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LC Hofbauer and AE Heufelder

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LC Hofbauer and AE Heufelder

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GE Krassas and AE Heufelder

Thyroid eye disease (TED) is a debilitating disease impairing the quality of life of affected patients. Treatment is often not satisfactory. This review summarizes the existing literature and discusses the most widely used forms of treatment for TED such as glucocorticoids (GCs), and other immunosuppressive agents. GCs are the most commonly used treatment in patients with TED. Other immunosuppressive agents such as cyclosporin A, azathioprin, cyclophosphamide and ciamexone have been used, but the results are modest at best and indicate an unfavorable benefit-risk relationship. Limited experience indicates that methotrexate may be effective even in patients with refractory TED. Somatostatin analogs, octreotide and lanreotide, may provide a valuable, although costly, therapeutic alternative to GCs. Orbital radiotherapy has been used in the management of TED for almost 60 years. However, its beneficial effects have been questioned recently by several studies, the details of which have not yet been published. Other studies have argued in favor of orbital radiotherapy; however, the benefits appear to be limited to improvement of extraocular muscle dysfunction.

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T Muhlberg, M Kirchberger, C Spitzweg, F Herrmann, HJ Heberling and AE Heufelder

OBJECTIVE: To assess whether the A2-type IL-1RA polymorphism is associated with Graves' disease and Graves' ophthalmopathy. Several reports have described a genetic association between the A2 allele of the interleukin-1 receptor antagonist (IL-1RA) gene and certain inflammatory and autoimmune diseases, suggesting that certain loci within the IL-1-related genes may modulate the autoimmune inflammatory response. Recently, we demonstrated marked differences in the expression and regulation of IL-1RA gene and protein between orbital fibroblasts derived from patients with active Graves' ophthalmopathy and healthy individuals. DESIGN: A total of 144 white European patients with Graves' disease were genotyped to compare their IL-1RA A2 allele frequency with that of 174 healthy controls. METHODS: The polymerase chain reaction was used to amplify the pentallelic variable-number tandem-repeat locus in intron 2 of the IL-1RA gene. RESULTS: We found no significant differences in IL-1RA A2 allele frequencies (0.20 and 0.26 respectively) and IL-1RA A2 carriage rates (31% and 40% respectively) between patients with Graves' disease and the control group. Moreover, presence or absence of Graves' ophthalmopathy in patients with Graves' disease was not related to significant differences in IL-1RA A2 allele frequencies and IL-1RA A2 carriage rates. CONCLUSIONS: Our data do not support an association between the IL-1RA A2 allele and Graves' disease or Graves' ophthalmopathy in our study population. Thus the A2-type IL-1RA gene polymorphism does not appear to indicate an increased susceptibility to develop Graves' disease and Graves' ophthalmopathy. Mechanisms unrelated to the IL-1RA A2 allele may be responsible for altered IL-1RA production within the orbital tissues in Graves' ophthalmopathy.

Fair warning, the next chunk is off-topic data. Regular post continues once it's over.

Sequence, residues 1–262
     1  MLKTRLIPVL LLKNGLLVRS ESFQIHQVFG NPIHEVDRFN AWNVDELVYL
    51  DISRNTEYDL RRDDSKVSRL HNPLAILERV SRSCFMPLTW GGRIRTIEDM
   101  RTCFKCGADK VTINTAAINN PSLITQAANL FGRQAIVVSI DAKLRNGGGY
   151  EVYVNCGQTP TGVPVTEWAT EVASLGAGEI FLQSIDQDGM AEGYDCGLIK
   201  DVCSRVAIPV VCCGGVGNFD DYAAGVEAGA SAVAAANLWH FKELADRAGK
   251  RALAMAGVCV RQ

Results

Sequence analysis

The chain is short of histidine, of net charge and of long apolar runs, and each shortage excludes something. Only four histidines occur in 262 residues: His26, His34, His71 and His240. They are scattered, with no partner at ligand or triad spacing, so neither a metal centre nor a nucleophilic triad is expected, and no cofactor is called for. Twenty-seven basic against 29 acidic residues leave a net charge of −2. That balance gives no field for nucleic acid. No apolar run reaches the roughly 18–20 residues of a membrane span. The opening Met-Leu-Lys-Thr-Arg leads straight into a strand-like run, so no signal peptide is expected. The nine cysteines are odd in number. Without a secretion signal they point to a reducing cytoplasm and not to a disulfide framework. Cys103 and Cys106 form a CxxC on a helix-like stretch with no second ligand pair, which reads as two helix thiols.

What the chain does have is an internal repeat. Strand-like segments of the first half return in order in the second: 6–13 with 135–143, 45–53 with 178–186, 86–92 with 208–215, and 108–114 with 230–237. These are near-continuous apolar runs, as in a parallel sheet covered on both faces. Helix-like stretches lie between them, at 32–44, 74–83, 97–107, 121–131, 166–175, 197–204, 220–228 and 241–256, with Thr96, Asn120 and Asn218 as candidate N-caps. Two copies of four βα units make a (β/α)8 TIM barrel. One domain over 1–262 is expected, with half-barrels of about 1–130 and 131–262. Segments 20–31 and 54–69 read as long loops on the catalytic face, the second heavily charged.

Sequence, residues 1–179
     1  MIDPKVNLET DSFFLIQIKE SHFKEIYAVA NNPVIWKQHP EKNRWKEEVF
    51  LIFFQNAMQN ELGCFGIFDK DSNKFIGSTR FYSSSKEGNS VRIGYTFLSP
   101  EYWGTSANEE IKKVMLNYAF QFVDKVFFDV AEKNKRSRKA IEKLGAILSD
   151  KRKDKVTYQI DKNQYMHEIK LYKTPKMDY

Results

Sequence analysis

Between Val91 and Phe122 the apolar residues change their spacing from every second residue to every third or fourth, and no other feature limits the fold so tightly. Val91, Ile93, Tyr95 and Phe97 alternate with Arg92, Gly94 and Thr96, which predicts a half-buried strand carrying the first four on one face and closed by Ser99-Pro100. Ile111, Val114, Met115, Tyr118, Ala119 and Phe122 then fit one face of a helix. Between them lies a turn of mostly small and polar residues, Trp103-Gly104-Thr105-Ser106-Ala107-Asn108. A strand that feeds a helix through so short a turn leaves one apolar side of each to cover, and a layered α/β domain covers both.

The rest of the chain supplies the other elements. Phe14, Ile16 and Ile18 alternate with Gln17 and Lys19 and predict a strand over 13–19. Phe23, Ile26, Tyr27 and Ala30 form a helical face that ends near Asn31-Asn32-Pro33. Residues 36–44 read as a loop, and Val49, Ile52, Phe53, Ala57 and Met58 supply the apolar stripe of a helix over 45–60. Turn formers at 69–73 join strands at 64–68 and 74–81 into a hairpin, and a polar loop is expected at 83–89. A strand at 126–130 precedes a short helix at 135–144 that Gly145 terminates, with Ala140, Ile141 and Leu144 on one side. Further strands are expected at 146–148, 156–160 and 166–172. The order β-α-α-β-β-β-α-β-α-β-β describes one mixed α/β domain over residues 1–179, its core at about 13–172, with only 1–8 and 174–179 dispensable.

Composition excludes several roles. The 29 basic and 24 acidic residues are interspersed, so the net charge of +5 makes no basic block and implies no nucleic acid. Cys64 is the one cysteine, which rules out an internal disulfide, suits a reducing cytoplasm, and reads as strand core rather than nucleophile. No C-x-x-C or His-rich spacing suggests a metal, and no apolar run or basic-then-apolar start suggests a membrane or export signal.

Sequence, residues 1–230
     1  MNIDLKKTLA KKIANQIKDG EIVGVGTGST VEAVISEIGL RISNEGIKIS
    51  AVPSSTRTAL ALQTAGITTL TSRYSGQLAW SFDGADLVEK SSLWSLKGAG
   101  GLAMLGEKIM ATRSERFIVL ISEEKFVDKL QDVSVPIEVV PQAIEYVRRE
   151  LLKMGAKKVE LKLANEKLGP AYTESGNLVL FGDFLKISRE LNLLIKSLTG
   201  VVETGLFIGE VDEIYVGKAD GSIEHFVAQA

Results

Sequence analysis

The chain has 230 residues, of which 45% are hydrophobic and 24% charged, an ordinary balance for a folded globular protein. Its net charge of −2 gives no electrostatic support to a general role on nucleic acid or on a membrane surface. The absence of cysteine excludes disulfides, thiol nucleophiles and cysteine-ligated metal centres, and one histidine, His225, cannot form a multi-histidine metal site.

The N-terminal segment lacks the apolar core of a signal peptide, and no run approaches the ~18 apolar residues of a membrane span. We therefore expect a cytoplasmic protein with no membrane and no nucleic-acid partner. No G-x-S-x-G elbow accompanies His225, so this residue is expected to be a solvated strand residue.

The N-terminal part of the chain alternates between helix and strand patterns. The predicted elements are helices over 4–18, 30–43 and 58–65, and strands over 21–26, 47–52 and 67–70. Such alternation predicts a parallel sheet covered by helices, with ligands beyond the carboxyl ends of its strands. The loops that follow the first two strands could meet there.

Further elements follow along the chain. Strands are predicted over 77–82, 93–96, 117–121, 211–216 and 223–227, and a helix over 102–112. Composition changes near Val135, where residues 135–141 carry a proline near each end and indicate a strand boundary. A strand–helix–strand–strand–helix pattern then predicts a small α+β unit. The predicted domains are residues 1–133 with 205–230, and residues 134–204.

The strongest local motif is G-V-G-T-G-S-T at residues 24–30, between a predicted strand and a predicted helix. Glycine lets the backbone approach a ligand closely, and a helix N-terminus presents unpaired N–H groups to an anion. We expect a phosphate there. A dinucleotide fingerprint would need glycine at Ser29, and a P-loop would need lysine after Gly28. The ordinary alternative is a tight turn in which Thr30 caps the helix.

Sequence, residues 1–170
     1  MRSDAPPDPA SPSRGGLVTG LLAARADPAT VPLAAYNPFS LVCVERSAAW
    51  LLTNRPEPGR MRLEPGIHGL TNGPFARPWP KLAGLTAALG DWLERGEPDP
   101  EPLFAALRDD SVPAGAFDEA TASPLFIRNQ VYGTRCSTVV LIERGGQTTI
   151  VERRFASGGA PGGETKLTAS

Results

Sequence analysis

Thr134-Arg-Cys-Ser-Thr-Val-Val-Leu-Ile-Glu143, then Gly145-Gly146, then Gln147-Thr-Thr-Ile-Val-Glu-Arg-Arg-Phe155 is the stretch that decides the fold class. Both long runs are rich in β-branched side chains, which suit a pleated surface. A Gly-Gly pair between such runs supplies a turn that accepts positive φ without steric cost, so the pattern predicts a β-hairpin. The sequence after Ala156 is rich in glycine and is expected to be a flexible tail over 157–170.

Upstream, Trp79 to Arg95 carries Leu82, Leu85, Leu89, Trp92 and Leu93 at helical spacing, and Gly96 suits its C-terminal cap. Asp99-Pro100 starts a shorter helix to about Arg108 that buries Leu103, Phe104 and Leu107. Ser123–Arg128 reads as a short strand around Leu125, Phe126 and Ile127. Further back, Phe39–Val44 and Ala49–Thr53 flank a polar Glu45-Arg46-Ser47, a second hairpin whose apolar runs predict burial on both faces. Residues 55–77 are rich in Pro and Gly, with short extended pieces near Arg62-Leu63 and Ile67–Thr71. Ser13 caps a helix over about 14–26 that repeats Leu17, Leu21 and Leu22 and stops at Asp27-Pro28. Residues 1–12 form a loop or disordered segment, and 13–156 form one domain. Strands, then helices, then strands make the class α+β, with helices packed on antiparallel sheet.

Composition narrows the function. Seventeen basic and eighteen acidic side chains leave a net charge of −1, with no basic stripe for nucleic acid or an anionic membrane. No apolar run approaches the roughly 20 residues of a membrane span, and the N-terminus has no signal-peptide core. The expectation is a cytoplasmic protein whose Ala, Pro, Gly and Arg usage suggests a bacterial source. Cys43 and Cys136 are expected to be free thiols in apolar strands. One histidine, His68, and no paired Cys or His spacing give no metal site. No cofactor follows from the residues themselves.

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MF Prummel, A Bakker, WM Wiersinga, L Baldeschi, MP Mourits, P Kendall-Taylor, P Perros, C Neoh, AJ Dickinson, JH Lazarus, CM Lane, AE Heufelder, GJ Kahaly, S Pitz, J Orgiazzi, A Hullo, A Pinchera, C Marcocci, MS Sartini, R Rocchi, M Nardi, GE Krassas and A Halkias

To improve management of patients with Graves' orbitopathy, a multi-center collaborative approach is necessary in order to have large enough sample sizes for meaningful randomized clinical trials. This is hampered by a lack of consensus on how to investigate the eye condition. The European Group on Graves' Orbitopathy aims to overcome this and has designed a preliminary case record form (CRF) to assess Graves' orbitopathy patients. This form was used in this first multi-center study. AIM: To investigate patient characteristics and treatment strategies in 152 new consecutively referred patients with thyroid eye disease seen in nine large European referral centers. METHODS: Newly referred patients with Graves' orbitopathy were included who were seen between September and December 2000. Demographic data and a complete ophthalmological assessment were recorded. RESULTS: One-hundred and fifty-two patients (77% females) were included. Diabetes was present in 9%, and glaucoma or cataract in 14% of patients. Forty percent were current smokers, 9% also had dermopathy, and only 33% reported a positive family history of thyroid disease. Mild eye disease was seen in 40%, moderately severe eye disease was seen in 33% and severe eye disease was seen in 28% of patients. Soft tissue involvement was the most frequent abnormality (seen in 75%), proptosis > or =21 mm was found in 63%, eye motility dysfunction in 49%, keratopathy in 16% and optic nerve involvement was found in 21% of patients. According to the clinical impression, 60% had active eye disease. Immunosuppressive treatment was planned more frequently in active patients (57/86; 66%) than in inactive patients (5/57, 9%; Chi-square 46.16; P<0.02). There were no important differences among the eight centers regarding the severity and the activity of their patients. CONCLUSIONS: In view of the large number of patients recruited in only 4 months, multi-center studies in the eight EUGOGO centers appear to be feasible.